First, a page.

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Time Tracking and ADHD

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If I had to list my relationship with time on Facebook, I’d have to choose, “It’s complicated.”

Shortly after my late-in-life diagnosis, I learned my ADHD brain was to blame. Sure, it was great to be absolved of time-management guilt, but I was pretty sure the rest of the world would still expect me to arrive on time, ADHD or not, so I poured over ADHD books seeking time-management tips.

I started using a paper planner right away, and still rely on one. I didn’t even have a smartphone when I was first diagnosed, about nine years ago.

It took about three years to adopt the kitchen-timer strategy. At first, I resisted. I mean, what full-grown adult relies on a kitchen timer to run their life? What was I, a Christmas turkey? It just seemed kind of weird. Then again, so did having ADHD.

I was hoping my ADHD treatment would help me to feel less, not more, like a turkey.

Finally, I caved and shelled out the two bucks at the local dollar store to pick up a timer. (Technically, it should have cost a dollar, right?)  Now I use that baby all the time. Sometimes, even when I’m cooking. It keeps me from hyperfocusing when I don’t want to, and adds the adrenaline rush I need, kind of like playing “beat the clock” to get things finished and move on.

In “Not Dressed Up with Somewhere to Go,” my chapter on time management in ADHD According to Zoë, (which took forever to write) I wrote:

“By taking a moment to think it through before acting, I can often restrain myself from trying to squeeze one more thing in before leaving for work.”

When I’m trying to stay on track I try to be mindful (aware) of the moment by asking myself, Is this what I’m supposed to be doing right now? Or, Is this what I want to be doing right now? The word no comes up a lot here too. I use it to get me back on track.

I also try to catch myself when I’m saying “yes” when I should be saying “no” to an activity or commitment that I don’t have time for. This can help me say no the next time.

I stopped my formal quest for time-management tools a few years ago, but recently caught myself using some tricks I hadn’t been aware I’d been using.

Parking meters

Last week, I found myself standing in front of a parking meter trying to calculate how long I’d be at the library doing research. The prospect of losing money, even by paying an extra quarter or two; or, worse, not putting enough money in the meter and getting a parking ticket, is a great way of motivating me.

The goal was to get back to my car with only a minute or two left on the meter. I was suddenly conscious that over the years, I’d gotten into the habit of periodically testing how well I was able to measure time by using the parking meter in this way.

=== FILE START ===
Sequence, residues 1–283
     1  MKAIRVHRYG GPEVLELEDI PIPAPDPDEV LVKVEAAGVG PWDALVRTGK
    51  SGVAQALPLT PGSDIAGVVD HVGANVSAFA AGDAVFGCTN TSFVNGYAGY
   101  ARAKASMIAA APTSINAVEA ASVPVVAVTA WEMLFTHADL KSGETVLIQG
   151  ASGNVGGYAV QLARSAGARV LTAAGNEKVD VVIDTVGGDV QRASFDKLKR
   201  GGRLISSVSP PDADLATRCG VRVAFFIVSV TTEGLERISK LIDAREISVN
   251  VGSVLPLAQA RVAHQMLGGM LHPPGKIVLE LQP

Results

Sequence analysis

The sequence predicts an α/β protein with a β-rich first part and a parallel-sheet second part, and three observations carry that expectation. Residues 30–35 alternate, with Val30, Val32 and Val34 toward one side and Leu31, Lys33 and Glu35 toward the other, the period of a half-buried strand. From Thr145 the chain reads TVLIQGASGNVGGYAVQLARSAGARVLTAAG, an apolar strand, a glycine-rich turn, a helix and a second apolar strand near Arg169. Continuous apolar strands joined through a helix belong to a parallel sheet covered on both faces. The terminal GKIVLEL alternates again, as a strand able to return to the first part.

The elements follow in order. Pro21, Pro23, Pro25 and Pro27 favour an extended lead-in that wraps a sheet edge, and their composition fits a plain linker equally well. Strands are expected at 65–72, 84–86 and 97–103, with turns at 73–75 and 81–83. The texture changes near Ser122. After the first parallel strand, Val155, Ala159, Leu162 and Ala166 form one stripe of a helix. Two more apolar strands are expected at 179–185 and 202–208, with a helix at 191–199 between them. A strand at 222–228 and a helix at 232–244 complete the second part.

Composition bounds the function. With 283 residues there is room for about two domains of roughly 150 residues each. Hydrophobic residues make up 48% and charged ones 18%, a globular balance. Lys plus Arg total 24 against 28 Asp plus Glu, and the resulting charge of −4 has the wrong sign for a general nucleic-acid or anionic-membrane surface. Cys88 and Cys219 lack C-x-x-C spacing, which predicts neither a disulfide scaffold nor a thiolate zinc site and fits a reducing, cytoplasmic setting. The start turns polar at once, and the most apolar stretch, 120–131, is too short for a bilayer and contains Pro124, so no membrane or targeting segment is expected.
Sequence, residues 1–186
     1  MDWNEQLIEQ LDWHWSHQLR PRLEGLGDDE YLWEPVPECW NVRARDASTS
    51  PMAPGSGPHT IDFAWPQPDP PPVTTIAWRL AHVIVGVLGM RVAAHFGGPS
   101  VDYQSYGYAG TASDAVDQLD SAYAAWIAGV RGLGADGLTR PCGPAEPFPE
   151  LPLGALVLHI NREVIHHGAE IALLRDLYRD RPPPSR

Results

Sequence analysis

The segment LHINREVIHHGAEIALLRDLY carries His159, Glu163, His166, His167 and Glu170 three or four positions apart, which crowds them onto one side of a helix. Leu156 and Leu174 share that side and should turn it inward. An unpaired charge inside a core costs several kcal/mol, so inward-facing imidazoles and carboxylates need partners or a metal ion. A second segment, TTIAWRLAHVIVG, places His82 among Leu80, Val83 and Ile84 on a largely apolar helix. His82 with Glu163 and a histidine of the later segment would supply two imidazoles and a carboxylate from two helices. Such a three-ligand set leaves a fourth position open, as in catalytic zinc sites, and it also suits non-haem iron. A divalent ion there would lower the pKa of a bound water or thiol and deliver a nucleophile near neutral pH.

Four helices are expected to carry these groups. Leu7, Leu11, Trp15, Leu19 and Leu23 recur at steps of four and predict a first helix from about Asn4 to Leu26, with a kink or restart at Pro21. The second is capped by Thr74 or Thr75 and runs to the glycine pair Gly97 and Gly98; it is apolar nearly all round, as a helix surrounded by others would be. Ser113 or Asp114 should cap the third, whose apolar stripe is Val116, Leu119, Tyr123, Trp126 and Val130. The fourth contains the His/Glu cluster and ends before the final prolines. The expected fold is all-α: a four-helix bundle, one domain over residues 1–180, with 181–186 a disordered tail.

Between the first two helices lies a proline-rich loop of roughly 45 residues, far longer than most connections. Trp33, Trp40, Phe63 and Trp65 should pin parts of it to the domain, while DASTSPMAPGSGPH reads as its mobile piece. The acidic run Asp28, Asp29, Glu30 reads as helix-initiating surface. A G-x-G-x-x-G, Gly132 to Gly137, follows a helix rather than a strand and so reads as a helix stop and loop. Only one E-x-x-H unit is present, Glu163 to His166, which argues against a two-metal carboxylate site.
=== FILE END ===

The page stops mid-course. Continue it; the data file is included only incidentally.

If I lucked out and found a meter with time left on it, it added a whole new dimension. Then, I’d ask myself: Is it enough time for my task? Is it more than enough? How much more? What task can I add to take advantage of the time I found left on the meter?

Clearly, this second parking meter scenario was helpful in addressing not just time-related issues, but an additional ADHD challenge: money management. I could manage my time and save quarters. Bonus.


I have no idea how other people use their smartphones to keep on track. I’ve heard something about schedules and calendars and apps and such, but I’m still not that tech-savvy.

I did, however, discover the big clock icon a few months ago. I tapped it.

I’m now making regular use of the stopwatch (for example, to time my bike ride from home to work so I know how long it takes and can leave in time to be on time).

And I use the alarm, which I set for a few hours at work so I don’t hyperfocus and work a seven-hour shift when I was supposed to work for four. I even leave a 5- or 10-minute transition time to finish up what I’m working on and get to my break.

Last week, I noticed the “world time” icon. I tapped “Add city.” Big mistake. Did I really need to know what time it was in Kazakhstan while I was taking my break? Before long, I had three other cities selected, and started confusing myself. Thus ended that little experiment (it’s 7:14 a.m. in Kazakhstan, tomorrow, as I write this, btw).

Overall, I’m doing pretty well with the time management thing, Kazakhstan aside.

What are some of the strategies that work for you? Do you have the time to share with us?

Are you sure?

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Time Tracking and ADHD

Zoë Kessler, BA, B.Ed.

Zoë Kessler is an award-winning author, journalist, and speaker specializing in women and Attention Deficit Hyperactivity Disorder (ADHD / ADD).

A frequent contributor to ADDitude Magazine, Kessler has also created video, standup comedy, and guest blogs on ADHD and Marriage covering ADHD-related topics.

Zoë, an internationally recognized ADHD expert, has been interviewed on radio and featured in magazine articles, documentaries, and books on the topic of women and ADHD across North America.

Her newly-released memoir ADHD According to Zoë - The Real Deal on relationships, Finding Your Focus & Finding Your Keys (New Harbinger Publications, 2013) about life with ADHD is now available.

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APA Reference
Kessler, Z. (2015). Time Tracking and ADHD. Psych Central. Retrieved on August 14, 2020, from


Last updated: 4 Aug 2015
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